people including the Quakers and a local man, John
Baird, sought better conditions for the
community. He brought about measures like
full-time homes for the children of the gypsies
(in taking some gypsy girls into his own home,
others saw fit to do likewise), and encouraged
their education, but this also saw the beginning
of the end of their traditional way of life.
The last queen, Esther
Faa Blyth, died in 1883 and her son, crowned king
in 1902, died a few years later. The gypsy
community intermingled with the local folk and
effectively disappeared. However, if your surname
is Baillie, Tait, Douglas, Young, Gordon or Blyth,
you may well have Faa blood in your veins.
Despite the demise of
the gypsy royal family, the ‘Gypsy Palace’ still
stands in Kirk Yetholm, although it now hosts
commoners as a bed and breakfast.
Extracts from a Fraser
Source: Palmetto &
Thistle, Scots-American Society of Brevard, PO
Box 3325, Melbourne, FL 32902-3325.
Radio can be heard through your PC
Internet users will
find BBC Radio Scotland Online at
www.bbc.co.uk/radioscotland. Near the top
of the page there’s a blue dot to click for the
Listen Now function – hear programs as they
A free weekly
electronic newsletter lists the programs that
were recorded for later listening. To
subscribe, click newsletter in the middle
of the right side of the opening screen.
programs are available on demand for seven days
following transmission via
or link to the program you want right from the
BBC Radio Scotland
Online has programs in the categories of
comedy, sports, music, festivals, gardening,
adventure, art, wildlife, health, and community
matters. Click around on the site and you’ll
find Scottish weather, Scottish travel, etc.
Let Clan Ross News know if you find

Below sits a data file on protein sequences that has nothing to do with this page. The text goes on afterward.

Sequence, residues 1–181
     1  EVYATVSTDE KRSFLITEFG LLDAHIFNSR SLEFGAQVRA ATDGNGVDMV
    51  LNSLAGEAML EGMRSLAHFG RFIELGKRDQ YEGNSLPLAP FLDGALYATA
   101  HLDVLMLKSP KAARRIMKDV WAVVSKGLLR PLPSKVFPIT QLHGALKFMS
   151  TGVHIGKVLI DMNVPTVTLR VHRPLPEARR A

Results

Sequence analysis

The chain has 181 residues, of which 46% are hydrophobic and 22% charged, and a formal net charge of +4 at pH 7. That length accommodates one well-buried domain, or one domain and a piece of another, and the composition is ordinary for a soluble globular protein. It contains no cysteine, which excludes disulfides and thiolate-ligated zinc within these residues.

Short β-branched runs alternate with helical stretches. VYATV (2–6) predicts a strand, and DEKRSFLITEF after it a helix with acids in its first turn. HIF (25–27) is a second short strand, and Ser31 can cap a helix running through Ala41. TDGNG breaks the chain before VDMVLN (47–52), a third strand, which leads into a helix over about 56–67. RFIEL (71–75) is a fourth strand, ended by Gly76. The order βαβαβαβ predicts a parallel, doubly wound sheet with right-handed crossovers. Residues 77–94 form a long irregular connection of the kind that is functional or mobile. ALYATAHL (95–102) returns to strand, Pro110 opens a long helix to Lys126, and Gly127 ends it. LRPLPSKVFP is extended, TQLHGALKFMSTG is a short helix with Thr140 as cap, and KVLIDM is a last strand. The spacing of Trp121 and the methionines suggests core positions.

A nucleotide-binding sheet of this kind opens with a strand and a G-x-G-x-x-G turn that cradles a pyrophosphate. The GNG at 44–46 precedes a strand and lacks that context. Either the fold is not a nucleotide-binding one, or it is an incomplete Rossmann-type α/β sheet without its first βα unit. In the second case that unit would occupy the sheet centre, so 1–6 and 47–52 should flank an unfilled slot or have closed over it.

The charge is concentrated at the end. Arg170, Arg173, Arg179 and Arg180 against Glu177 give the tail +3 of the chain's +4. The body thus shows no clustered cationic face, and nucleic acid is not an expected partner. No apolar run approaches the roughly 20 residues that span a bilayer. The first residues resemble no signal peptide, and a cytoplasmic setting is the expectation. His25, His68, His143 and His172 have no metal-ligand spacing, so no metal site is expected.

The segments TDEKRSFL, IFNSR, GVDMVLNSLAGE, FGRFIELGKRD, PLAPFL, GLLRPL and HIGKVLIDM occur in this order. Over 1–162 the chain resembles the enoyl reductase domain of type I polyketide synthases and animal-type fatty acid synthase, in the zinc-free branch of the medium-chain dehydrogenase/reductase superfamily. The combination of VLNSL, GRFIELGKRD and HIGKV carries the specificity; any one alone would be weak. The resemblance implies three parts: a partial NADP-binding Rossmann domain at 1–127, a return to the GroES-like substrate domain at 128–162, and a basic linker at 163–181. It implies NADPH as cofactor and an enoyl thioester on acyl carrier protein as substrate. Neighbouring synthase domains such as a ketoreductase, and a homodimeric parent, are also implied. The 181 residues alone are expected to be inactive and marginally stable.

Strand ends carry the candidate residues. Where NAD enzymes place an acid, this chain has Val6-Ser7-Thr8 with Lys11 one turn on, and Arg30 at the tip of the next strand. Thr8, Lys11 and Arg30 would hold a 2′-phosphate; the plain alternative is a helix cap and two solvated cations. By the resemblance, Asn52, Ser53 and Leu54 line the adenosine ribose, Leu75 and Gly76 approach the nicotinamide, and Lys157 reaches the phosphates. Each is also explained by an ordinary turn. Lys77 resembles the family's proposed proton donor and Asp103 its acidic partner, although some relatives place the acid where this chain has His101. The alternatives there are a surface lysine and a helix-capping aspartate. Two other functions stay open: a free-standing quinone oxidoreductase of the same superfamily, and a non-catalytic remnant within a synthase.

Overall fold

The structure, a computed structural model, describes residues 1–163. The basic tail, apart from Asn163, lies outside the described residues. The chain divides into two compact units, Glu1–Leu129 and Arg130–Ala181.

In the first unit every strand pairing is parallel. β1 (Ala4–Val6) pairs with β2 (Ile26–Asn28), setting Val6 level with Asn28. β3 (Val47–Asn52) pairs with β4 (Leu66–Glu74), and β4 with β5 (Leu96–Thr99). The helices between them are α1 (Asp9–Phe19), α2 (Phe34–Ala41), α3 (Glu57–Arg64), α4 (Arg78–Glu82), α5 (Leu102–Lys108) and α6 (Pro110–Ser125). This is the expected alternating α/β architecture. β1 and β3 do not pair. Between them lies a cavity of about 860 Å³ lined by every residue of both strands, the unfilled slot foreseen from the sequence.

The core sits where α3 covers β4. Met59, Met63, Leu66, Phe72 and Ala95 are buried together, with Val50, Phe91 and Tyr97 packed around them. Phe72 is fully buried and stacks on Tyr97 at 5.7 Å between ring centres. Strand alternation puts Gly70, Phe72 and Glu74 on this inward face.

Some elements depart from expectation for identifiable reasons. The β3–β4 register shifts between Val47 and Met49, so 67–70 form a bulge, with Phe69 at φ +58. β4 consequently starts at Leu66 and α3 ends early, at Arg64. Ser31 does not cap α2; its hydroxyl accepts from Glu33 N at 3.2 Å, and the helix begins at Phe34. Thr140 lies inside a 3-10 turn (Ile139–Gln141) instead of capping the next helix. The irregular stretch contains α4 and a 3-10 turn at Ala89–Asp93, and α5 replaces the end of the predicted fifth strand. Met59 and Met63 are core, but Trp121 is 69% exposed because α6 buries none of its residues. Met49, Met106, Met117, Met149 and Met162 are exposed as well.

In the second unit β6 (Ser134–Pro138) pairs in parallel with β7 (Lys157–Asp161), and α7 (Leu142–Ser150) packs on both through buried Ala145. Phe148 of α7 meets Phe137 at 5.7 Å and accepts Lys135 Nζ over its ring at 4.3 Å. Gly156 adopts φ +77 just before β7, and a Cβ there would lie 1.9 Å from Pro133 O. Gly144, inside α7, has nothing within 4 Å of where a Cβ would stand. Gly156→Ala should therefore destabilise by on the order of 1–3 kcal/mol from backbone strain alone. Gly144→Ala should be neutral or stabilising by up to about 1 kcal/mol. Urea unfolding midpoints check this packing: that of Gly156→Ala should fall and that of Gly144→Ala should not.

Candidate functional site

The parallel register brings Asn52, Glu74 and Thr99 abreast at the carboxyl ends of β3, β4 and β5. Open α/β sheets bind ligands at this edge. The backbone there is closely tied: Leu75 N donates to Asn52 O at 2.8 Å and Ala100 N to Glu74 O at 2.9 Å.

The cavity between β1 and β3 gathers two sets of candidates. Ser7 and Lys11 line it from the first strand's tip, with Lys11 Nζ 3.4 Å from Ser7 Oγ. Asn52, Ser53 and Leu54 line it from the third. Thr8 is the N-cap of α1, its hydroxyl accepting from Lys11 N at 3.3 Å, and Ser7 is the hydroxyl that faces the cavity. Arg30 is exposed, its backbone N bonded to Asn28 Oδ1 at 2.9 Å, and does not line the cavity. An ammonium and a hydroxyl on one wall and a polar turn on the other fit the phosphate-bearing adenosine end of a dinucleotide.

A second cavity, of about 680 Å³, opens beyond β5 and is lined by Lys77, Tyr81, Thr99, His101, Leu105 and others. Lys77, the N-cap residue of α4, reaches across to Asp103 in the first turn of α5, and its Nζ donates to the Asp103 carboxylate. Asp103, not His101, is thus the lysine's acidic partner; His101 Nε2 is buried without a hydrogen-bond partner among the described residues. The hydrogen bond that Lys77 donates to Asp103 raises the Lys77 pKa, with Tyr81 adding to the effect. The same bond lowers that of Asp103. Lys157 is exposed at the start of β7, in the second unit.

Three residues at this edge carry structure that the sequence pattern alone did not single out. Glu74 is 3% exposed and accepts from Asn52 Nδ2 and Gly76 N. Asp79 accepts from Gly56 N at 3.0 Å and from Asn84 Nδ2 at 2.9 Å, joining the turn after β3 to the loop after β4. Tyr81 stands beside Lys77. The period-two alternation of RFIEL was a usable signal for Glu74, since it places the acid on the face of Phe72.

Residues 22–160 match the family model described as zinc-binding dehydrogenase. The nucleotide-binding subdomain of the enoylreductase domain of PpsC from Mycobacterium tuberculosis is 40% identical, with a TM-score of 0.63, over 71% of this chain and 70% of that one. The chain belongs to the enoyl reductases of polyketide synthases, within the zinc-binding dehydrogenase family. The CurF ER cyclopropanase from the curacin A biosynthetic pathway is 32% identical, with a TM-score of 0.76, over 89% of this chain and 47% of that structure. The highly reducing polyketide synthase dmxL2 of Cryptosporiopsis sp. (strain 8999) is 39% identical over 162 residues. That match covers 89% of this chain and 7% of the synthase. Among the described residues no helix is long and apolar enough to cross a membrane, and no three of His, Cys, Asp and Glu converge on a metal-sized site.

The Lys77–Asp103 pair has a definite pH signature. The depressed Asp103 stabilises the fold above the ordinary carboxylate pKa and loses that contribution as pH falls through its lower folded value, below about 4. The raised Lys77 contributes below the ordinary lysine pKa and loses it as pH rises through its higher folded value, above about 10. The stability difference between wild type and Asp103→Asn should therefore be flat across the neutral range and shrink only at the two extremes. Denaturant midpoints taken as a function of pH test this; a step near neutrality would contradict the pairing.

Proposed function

something you really enjoy.
The BBC history site
is not perfect (even the typing contains some
goofs), but its fun. I like to read about
ancient Scotland; the first ancient site offered
is Skara Brae. There are a couple of
interesting opinions of evidence that the side
of the bed you slept on was determined by
gender, as areas of the house might also be.
But the author didn’t really provide an overview
of what Skara Brae is, how it looks, when it was
found – those basics.
I wrote to the people
who monitor Contact Us to ask what
evidence there is that the base of a wooden pole
found at the Stones of Stenness was a totem
pole. It will be interesting to see how that
question is answered. Weeks have passed since I
submitted the question though.
offers a free electronic newsletter, but it’s
for all British history, not just Scotland’s.
Back to Scottish
radio stations available through the Internet,
www.radio-locator.com has an International
selection. You’ll find Scottish stations mixed
in with the UK grouping. Included are:
Some of these stations use the same contest
questions that U.S. stations do – hear the
answer hours ahead!
Source: Clan Ross
News, Clan Ross Foundation, Dorothy Gerych,
Newsletter Editor, 21278 Flanders, Farmington
Hills, MI 48335.
Arizona Society Meeting